The House Judiciary Subcommittee on Crime, Terrorism, Homeland Security and Investigations heard testimony regarding whether the federal government should step in to regulate the supports betting industry created in the wake of the landmark U.S. Supreme Court decision in the case of Christi vs, NCAA, which opened the doors on legalized sports betting nationwide by overturning the Professional and Amateur Sports Protection Act (PASPA).
The hearing, entitled “Post PASPA: An Examination of Sports Betting in America”, which invited five professionals to give testimony, was said by gambling industry advocates to be heaving weighted in favour of those who oppose all expanded gambling.
House Republicans came out strongly in favour of regulating sports betting at the federal level, raising concerns about match fixing and minors exposure to gambling.
“For Congress to do nothing is the worst possible alternative,” said Rep. Jim Sensenbrenner, a Wisconsin Republican as reported in East Texas Matters media outlet. “We have some work to do, and I’m looking forward to working with you to try to come up with something both short term and something more permanent to deal with this issue. I’m afraid if we don’t, there are going to be people who get hurt and get hurt badly.”
NFL favors regulation
The National Football League has also weighed in to support federal regulations. In prepared comments published before the hearing, Jocelyn Moore, the NFL’s executive vide president of communications, stated, “Without continued federal guidance and oversight we are very concerned that sports leagues and state government alone will not be able to fully protect the integrity of sports contests.”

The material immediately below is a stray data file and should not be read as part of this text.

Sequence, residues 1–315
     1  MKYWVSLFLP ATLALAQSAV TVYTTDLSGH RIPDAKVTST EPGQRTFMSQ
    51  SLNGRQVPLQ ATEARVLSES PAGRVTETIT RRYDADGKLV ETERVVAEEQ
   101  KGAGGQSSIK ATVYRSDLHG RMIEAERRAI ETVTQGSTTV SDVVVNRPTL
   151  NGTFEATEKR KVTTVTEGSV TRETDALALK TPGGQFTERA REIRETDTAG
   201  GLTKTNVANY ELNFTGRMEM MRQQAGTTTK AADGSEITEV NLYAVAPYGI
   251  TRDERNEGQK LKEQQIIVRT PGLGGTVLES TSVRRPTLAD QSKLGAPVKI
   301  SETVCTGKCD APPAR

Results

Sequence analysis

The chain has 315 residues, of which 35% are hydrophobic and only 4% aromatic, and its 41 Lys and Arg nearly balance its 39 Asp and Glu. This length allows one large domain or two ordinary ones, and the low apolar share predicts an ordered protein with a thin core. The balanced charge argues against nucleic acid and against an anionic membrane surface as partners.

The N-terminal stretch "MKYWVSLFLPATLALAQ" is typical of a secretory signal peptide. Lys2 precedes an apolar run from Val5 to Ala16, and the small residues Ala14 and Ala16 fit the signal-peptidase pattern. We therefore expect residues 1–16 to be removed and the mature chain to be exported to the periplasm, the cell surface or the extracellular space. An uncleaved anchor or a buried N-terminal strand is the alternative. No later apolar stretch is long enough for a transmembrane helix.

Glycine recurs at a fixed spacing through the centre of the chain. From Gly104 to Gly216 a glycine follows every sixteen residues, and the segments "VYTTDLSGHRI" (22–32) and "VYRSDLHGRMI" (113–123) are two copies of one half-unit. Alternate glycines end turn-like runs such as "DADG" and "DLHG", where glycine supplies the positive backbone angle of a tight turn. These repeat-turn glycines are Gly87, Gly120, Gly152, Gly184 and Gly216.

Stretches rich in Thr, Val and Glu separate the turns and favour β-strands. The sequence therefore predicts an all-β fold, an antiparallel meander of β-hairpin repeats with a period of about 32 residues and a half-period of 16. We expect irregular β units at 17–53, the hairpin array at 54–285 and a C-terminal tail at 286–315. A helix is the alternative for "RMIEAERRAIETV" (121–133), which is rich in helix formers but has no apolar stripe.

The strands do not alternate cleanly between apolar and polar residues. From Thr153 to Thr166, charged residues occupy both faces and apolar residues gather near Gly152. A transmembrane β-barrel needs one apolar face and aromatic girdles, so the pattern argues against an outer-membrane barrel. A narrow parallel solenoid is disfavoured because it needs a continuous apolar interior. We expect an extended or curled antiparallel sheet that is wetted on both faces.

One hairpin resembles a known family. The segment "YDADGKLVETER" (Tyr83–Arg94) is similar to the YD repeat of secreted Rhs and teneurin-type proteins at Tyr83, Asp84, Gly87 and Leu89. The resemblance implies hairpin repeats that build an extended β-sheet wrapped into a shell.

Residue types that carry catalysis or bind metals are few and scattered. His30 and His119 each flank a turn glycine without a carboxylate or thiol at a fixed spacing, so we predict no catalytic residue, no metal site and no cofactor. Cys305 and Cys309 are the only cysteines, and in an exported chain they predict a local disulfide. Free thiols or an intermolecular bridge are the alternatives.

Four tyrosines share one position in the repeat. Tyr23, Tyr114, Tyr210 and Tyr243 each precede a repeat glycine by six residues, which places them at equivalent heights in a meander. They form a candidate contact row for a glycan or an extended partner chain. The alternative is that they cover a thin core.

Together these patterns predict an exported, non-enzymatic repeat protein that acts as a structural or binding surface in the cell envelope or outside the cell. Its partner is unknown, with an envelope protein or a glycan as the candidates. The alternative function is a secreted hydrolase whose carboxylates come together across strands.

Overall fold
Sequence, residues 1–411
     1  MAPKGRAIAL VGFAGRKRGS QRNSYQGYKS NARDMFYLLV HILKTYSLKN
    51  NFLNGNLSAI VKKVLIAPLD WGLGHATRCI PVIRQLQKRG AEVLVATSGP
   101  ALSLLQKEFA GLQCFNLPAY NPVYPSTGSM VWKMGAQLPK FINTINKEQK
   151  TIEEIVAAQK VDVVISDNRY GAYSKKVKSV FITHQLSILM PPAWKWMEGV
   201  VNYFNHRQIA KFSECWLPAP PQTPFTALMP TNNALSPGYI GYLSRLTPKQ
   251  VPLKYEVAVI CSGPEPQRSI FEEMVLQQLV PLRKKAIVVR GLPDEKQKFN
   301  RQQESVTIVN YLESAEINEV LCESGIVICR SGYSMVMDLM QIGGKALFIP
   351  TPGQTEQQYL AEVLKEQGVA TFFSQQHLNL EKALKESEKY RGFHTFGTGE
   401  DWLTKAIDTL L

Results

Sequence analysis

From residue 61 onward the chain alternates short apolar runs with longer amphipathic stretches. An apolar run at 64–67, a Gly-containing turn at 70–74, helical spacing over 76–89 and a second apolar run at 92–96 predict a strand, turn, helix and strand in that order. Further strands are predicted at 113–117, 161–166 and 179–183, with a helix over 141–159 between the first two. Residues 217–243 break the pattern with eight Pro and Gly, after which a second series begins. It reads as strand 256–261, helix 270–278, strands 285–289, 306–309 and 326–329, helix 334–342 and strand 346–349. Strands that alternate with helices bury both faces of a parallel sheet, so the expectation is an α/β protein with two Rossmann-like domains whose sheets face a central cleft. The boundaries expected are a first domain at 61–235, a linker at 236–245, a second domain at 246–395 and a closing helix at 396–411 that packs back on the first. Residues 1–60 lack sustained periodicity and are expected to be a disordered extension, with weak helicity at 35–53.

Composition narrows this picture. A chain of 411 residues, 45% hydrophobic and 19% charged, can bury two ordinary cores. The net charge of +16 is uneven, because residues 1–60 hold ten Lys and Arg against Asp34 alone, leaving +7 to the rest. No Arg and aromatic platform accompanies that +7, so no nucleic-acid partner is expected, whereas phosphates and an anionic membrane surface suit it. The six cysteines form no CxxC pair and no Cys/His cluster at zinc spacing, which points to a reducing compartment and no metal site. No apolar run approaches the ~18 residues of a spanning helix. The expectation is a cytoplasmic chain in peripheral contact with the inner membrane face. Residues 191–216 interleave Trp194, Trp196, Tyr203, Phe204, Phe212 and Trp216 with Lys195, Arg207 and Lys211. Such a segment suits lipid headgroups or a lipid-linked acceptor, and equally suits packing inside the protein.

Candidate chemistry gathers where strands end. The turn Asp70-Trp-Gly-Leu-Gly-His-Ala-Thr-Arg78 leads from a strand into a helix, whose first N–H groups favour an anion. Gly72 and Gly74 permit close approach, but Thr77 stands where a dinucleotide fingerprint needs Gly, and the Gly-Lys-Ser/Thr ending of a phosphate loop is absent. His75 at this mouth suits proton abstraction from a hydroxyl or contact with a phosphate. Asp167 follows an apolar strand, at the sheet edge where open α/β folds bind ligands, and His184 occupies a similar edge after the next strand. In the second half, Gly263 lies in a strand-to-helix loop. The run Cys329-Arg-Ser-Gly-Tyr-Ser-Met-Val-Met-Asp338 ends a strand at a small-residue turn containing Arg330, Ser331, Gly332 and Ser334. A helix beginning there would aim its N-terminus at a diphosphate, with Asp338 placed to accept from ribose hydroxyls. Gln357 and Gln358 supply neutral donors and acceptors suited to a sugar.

Moore would go on to use the word “integrity” 24 times in her seven-page prepared statement. She also advocated for the league having control of all official statistics used in the industry.
“Consumers who choose to place wagers should know data is timely, accurate, consistent across markets – which can only be assured if the data comes from sports leagues or their licensees,” Moore said.
Moore’s testimony comes as major U.S. sports leagues are pressuring the industry in hopes of federal regulations that will ensure they get a larger slice of the estimated $150 billion legalized sports betting market.
Nebraska Attorney General Jon Bruning, speaking for the Coalition to Stop Online Gambling also gave testimony aimed at securing greater federal regulation. As the spokesperson for billionaire casino mogul Sheldon Adelson, of the Las Vegas Sands Corporation, Bruning is the mouthpiece for Adleson’s attempts to completely destroy all online gambling in the United States. Adelson, a GOP fundraiser and buddy of Donald Trump, has famously stated that he would “spend whatever it takes” to defeat online gambling.
Burning’s testimony focused on comparing the regulation of online gambling with legalized marijuana use in certain states, which he called unconstitutional.